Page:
BOSTON -- Daisuke Matsuzaka finally returned to the Red Sox rotation Tuesday night, for the first time since June 19, after dealing with shoulder and strength problems for the majority of the season, and he put on a display of ambitious proportions.
He was efficient and effective and helped Boston to 4-1 victory over Los Angeles, tossing six scoreless innings while allowing only three hits, three walks and striking out five.
He wowed the 37,942 at Fenway Park, who gave Matsuzaka a standing ovation as he exited the mound after walking the leadoff hitter in the top of the seventh inning. He tipped his cap and waved to the fans. When he stepped into the dugout, Dice-K was mobbed by his teammates.
If Matsuzaka can continue to pitch like he did Tuesday night, then the Red Sox' starting rotation suddenly becomes very dangerous the rest of the way, including the postseason.
"If he can continue six and seven innings at a time with no runs on the board, we'll certainly take it," said pitching coach John Farrell. "But this is definitely a progressive step over the starts he made in rehab before getting here. I think once he was able to get through the first inning without any runs on the board, it gave him a chance to (relax). I'm sure there were some butterflies the first time back after an extended period down. He needs to be commended for the work he's done in reshaping himself and getting his core strength back. Everything he did on the DL showed up here tonight."
A rotation of Josh Beckett, Jon Lester, Clay Buchholz, Matsuzaka and possibly Tim Wakefield or Paul Byrd, combined with a deep bullpen will prove crucial the rest of the way.
Matsuzaka feels like he has to regain his teammates' respect for the season-long letdown.
"On the road back, I've been a burden on my teammates more than anything, and I feel like I owe them," he said. "There's not much left in the season, but in the limited time, in the limited opportunity that I do have, I want to show my appreciation to the fans and my teammates by contributing in a positive way."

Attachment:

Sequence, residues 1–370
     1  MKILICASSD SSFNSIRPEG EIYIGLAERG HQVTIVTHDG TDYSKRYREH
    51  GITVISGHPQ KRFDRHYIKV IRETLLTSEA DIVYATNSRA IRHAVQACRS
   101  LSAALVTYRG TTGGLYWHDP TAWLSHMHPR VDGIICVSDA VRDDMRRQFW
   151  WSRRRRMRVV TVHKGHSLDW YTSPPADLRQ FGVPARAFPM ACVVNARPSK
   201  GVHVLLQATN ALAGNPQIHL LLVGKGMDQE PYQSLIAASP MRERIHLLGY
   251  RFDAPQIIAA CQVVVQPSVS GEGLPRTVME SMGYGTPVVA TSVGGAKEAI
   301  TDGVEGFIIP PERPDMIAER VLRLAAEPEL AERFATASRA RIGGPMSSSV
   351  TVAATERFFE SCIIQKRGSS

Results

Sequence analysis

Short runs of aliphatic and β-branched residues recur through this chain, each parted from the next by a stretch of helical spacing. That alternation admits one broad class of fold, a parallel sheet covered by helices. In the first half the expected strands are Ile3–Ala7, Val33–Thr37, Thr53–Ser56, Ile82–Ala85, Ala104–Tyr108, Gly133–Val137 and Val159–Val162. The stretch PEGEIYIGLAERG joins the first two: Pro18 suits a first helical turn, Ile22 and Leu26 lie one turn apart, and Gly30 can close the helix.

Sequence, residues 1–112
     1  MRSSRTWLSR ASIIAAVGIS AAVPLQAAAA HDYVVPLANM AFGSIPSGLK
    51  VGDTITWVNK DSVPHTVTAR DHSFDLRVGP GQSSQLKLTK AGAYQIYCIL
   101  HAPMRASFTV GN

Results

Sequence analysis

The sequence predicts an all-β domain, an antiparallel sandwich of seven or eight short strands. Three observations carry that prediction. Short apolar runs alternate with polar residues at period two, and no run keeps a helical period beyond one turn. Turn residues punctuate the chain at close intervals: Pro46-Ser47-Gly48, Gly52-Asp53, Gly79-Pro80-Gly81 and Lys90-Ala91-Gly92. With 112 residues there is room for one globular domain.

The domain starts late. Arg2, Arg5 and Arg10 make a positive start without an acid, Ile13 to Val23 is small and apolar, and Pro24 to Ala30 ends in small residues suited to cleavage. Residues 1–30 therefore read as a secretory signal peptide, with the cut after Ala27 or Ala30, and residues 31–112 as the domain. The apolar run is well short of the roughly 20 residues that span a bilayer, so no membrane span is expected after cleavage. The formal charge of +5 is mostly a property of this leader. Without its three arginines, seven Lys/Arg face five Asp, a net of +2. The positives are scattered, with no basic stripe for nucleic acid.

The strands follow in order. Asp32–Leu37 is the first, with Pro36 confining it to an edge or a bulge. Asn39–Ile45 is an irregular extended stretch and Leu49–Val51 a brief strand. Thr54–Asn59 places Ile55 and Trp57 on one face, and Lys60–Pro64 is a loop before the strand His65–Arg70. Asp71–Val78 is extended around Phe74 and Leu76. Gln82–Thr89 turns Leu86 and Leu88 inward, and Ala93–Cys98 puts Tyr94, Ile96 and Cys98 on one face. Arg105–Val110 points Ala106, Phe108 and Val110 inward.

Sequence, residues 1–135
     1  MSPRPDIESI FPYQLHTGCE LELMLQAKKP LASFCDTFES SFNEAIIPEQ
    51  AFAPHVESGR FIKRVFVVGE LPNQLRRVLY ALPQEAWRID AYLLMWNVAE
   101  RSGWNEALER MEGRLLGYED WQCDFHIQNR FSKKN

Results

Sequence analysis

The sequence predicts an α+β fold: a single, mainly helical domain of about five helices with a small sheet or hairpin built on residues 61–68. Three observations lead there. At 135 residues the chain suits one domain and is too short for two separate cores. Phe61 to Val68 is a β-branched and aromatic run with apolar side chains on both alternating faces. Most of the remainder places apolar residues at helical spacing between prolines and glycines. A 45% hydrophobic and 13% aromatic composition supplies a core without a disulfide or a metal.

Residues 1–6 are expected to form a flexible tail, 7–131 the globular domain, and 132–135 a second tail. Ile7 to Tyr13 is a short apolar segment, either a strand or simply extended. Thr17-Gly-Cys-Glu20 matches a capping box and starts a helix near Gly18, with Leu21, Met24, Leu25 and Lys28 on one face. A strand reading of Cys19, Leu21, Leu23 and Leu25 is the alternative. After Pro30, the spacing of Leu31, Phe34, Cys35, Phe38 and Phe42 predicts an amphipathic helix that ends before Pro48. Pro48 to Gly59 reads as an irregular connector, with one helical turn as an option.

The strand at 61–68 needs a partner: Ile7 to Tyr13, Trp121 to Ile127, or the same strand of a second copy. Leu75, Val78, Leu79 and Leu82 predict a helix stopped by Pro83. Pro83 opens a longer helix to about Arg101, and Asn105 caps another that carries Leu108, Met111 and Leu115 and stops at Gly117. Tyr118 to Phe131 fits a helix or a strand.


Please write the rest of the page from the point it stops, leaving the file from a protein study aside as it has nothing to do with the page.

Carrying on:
While the rest of the position players for the Red Sox were thrilled with Matsuzaka's performance, it was the rest of the rotation that really felt satisfaction -- almost relief -- in his performance.
"He threw the ball unbelievably well tonight," said Lester. "He came back and looked strong. It seemed like he didn't skip a beat and nothing bothered him at all. It's a good thing to see, and hopefully it carries over. If we keep plugging away and get into the playoffs, hopefully he can help us out big-time when we get there."
If there's one other pitcher in the rotation who completely understands what Dice-K has gone through and what he can add the rest of the way, it's Buchholz. After a horrendous season in 2008, he spent the majority of this year at Pawtucket before he was summoned in July.
"He came in and did what everybody wanted him to do and expected him to do," said Buchholz of Matsuzaka. "It was fun to watch. It was fun to watch a guy who's already established in the big leagues come back from some misfortune and throw the ball the way he did tonight. It should be fun to watch in October. ... We're all ready for it."
As Beckett made his way out of the clubhouse, he kept his remarks simple and to the point about Dice-K.
"He did good. Thumbs up," he said.
Matsuzaka had command of the zone and was able to repeat his delivery on a consistent basis, which led to his success over the Angels. Still, given his recent history, some are taking a wait-and-see attitude.
"You can't put everything into one start because he had to get out there and get a feel," said catcher Jason Varitek. "It could have just as well gone the other way, but the good thing is he was strong."
It certainly was a promising performance.
"It was a good shot in the arm for us for him to go out there and throw the ball like he did tonight," said Farrell.